will help to provide further evidences and thus to correlate various factors with leftward shift of axis and glucose intolerance. The value of research lies in its utility. In the situation of pandemic of glucose intolerance also affecting the leftward shift of axis in younger population, to utilize the already available evidences especially of the risk of obesity or glucose intolerance in the offspring of mother with obesity or with undernutrition [56], the control programs to protect the susceptible populations need to be implemented [47] (Table 4). In the background of inherent insulin resistance during pregnancy and increasing age of mothers, maintenance of the optimum prepregnancy weight in the population appears to the key in hand in the control program of diabetes epidemic [47]. This will also help to benefit the children of the indigenous population where the research on left axis deviation and diabetes has been conducted.

Examples in the communicable diseasePossible examples in diabetes**
Prevention programs for individuals
  • Immunization

  • Personal protective measures

  • Chemprophylaxis

  • Primary prevention programs

  • Campaign and programs to help achieve by the people the recommended body mass index of the respective populations

Control programs to protect the other susceptible populations*
  • Isolation

  • Quarantine

  • Vector control (e.g., mosquito control for various diseases, cyclops control for guinea worm, chicken and poultry culling for avian influenza)

  • Treatment of case (e.g., tuberculosis) and carrier

Campaign and programs for
  • Maintenance of optimal prepregnancy body weight, as per the recommended body mass index of the respective populations, especially in the affluent and/or urban parts of the societies and

  • Nutritional support for the girls and women of childbearing age in rural and poorer sections of the societies

Table 4.

Examples of prevention and control programs in the communicable diseases as a model for similar strategies for individuals and susceptible populations in diabetes epidemic.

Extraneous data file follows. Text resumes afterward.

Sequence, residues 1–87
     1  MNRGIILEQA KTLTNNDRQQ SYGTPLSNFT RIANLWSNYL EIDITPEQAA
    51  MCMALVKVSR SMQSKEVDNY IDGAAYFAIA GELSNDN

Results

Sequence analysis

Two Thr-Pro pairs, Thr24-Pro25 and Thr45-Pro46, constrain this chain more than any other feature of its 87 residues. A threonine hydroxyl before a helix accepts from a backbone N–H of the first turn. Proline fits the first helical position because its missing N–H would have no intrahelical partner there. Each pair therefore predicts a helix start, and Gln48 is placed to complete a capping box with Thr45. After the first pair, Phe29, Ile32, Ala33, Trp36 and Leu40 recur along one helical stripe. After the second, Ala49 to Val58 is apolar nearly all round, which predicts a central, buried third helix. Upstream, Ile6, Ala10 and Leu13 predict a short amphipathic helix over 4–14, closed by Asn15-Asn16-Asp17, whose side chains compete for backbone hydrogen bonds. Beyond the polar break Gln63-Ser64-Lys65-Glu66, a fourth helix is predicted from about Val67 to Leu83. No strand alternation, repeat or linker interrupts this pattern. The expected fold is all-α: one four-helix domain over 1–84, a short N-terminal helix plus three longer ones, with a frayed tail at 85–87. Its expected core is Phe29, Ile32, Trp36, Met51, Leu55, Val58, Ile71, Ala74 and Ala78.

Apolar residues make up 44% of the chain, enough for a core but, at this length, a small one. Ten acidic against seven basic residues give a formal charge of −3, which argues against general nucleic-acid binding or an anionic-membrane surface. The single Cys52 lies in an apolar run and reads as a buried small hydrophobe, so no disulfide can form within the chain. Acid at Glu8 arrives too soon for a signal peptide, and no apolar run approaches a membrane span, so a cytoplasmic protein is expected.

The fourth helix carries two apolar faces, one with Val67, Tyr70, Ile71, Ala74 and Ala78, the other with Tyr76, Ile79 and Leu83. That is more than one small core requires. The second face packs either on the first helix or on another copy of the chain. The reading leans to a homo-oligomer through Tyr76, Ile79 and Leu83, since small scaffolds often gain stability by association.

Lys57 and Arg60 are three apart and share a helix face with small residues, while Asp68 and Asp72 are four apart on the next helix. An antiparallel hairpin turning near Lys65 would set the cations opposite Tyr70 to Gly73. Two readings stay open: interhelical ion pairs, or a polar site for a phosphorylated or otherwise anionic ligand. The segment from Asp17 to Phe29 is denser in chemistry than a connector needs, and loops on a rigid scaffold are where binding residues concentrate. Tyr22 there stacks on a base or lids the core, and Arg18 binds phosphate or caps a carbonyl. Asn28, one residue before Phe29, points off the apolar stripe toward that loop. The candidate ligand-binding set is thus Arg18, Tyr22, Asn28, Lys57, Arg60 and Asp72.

*The vulnerable populations to be protected by the control program of diabetes include the offspring of malnourished or overweight mothers.

**National and international health and diabetes agencies should clearly spell out the control programs, with appropriate budget allocation, for control of diabetes epidemic to protect the progeny.

16. Conclusion

The frontal plane QRS axis and especially the left axis deviation have always been the areas of interest in electrocardiogram. There are different physiological and pathological conditions which affect the axis and the axis shift itself also affects the QRS and ST morphologies. The approximate degree of axis can be easily determined by observing the electrocardiogram. Most causes of left axis deviation are well‐known clinical entities. Isolated left axis deviation and leftward shift of the axis have increasingly been reported to be possibly associated with glucose intolerance. There are reasons why such association was previously not reported. The left anterior fascicle is as such vulnerable to interruption. The possible relation of glucose intolerance with brain white matter hyperintensities and even ageing also indicate the need to conduct research in these areas. However, the already available evidences should also be simultaneously utilized to protect the susceptible population. The bottom line of the frontal plane QRS axis is to record the actual degrees of the axes (not just the presence or absence of normal axis or left, right, or extreme axis deviations) and correlate the changes in the degrees of axis with the levels of the various possible factors in the individual patient or the study populations.

© 2017 The Author(s). Licensee IntechOpen. This chapter is distributed under the terms of the Creative Commons Attribution 3.0 License, which permits unrestricted use, distribution, and reproduction in any medium, provided the original work is properly cited.

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Madhur Dev Bhattarai (October 18th 2017). Examining Left Axis Deviation, Interpreting Cardiac Electrograms - From Skin to Endocardium, Kevin A. Michael, IntechOpen, DOI: 10.5772/intechopen.69435. Available from: